London, England (CNN) -- The European Union has agreed a conditional deal on how to help developing nations combat the effects of climate change.
Meeting in Brussels Friday, at the conclusion of a two-day European Union (EU) summit leaders agreed that it would cost €100 billion ($148 billion) per year by 2020 to help developing nations adapt to climate change.
The EU has pledged to give up to €50 billion ($74 billion) of that figure in public funds to help developing nations fight climate change.
Commenting on the deal at the summit's closing press conference, European Commission president Jose Manuel Barrosa said: "Today, the European Council has fully endorsed the figures put forward some weeks ago by the Commission that by 2020, developing countries will need around 100 billion euros a year to tackle climate change. We have a clear, ambitious, and unified EU message on climate finance."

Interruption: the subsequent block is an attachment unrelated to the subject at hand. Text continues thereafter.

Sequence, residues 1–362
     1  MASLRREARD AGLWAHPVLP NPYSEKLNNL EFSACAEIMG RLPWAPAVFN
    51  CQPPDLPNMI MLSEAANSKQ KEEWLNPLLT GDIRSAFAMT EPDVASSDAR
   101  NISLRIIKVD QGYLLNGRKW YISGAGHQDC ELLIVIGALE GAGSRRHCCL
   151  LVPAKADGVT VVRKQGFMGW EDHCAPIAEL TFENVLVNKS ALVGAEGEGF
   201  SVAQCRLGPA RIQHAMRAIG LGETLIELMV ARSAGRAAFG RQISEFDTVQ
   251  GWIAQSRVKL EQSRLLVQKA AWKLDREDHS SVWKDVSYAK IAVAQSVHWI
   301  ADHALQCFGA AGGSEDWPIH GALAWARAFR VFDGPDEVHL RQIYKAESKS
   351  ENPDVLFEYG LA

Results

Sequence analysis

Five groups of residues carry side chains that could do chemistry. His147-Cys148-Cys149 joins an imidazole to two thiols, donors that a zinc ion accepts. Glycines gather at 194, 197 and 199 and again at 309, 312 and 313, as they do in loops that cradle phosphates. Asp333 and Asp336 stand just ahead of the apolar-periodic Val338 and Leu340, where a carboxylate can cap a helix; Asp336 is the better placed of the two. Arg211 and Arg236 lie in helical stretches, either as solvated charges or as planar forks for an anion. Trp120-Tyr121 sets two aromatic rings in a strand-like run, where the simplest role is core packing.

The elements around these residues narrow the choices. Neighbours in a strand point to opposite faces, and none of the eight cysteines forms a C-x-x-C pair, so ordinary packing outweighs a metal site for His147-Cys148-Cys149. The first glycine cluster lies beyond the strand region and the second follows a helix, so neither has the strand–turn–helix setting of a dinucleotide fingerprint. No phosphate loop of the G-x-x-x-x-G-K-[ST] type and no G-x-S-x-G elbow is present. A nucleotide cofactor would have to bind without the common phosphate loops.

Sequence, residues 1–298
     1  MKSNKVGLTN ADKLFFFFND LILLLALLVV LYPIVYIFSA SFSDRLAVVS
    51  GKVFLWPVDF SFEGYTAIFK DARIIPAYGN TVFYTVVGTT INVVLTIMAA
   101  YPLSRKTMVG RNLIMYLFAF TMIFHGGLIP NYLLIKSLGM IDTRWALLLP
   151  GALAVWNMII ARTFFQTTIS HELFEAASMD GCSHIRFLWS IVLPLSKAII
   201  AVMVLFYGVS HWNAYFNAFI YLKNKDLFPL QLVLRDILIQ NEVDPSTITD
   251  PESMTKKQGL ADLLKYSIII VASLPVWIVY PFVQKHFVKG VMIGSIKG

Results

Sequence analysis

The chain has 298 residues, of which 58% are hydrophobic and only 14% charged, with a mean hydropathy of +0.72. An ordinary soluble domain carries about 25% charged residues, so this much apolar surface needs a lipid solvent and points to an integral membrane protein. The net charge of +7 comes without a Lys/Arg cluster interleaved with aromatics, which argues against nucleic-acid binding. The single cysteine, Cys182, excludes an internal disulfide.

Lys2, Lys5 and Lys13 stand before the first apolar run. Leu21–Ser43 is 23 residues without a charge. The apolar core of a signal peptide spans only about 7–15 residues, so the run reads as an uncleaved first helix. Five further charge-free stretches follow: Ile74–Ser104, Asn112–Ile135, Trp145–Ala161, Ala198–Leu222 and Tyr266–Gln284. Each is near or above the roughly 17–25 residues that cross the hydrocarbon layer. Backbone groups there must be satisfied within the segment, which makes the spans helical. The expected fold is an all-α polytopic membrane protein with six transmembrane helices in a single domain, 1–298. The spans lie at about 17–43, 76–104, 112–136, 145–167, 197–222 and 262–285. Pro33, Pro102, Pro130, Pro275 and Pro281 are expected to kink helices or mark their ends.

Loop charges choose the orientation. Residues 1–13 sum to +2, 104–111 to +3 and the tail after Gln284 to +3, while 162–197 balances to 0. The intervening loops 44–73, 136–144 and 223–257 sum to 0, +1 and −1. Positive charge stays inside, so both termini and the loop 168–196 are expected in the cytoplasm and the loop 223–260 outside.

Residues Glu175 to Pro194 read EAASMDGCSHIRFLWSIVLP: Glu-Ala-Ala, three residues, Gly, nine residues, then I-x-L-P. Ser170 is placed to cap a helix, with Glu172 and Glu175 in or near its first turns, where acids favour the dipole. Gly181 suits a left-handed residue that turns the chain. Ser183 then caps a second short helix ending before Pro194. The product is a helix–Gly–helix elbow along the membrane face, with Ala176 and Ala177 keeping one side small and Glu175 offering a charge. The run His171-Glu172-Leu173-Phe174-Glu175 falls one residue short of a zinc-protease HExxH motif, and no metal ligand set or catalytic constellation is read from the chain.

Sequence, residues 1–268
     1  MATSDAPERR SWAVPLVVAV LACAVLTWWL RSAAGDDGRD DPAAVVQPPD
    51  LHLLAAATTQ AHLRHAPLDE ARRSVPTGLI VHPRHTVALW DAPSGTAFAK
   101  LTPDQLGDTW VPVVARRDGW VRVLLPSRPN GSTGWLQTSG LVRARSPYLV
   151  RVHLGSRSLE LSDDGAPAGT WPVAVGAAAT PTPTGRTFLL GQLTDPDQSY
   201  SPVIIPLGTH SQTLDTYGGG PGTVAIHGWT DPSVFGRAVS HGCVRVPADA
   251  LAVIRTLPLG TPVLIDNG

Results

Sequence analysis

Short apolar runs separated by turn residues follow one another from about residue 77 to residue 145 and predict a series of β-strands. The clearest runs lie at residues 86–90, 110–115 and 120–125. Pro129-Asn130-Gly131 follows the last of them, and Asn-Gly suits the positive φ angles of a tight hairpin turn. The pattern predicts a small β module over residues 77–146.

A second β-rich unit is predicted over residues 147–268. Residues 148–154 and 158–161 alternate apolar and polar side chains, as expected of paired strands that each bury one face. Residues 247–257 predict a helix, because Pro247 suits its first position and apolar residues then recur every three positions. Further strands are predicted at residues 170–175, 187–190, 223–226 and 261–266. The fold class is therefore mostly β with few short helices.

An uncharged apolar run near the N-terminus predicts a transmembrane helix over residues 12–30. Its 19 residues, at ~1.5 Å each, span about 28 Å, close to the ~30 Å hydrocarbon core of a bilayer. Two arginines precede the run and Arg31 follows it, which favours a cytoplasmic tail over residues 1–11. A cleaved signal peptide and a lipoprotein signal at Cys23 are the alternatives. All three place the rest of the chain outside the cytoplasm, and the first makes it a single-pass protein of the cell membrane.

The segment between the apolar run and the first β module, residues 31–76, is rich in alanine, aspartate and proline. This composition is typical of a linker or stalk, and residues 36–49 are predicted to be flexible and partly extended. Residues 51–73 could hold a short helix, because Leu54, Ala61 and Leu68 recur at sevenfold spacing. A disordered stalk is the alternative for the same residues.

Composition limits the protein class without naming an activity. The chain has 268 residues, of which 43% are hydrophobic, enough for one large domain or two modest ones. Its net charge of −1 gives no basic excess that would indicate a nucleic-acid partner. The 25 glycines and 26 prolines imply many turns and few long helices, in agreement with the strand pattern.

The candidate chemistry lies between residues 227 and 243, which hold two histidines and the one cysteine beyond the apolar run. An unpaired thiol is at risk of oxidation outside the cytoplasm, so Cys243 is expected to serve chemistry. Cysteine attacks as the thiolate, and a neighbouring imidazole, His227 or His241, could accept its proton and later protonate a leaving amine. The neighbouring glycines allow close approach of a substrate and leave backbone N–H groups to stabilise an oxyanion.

Despite the agreement it remains unclear exactly how much the EU will pay and how that will be broken down between individual member states.
Barrosa said that the EU accepts that it will pay its "fair share" and that support will need to be "in the range of €22-50 billion".
Barrosa told the press conference that the deal confirmed the EU's leadership on climate change and gives the EU momentum heading towards the crucial climate talks in Copenhagen in December.
"We can look the rest of the world in their eyes and say we, Europeans, we have done our job. We are ready for Copenhagen," he said.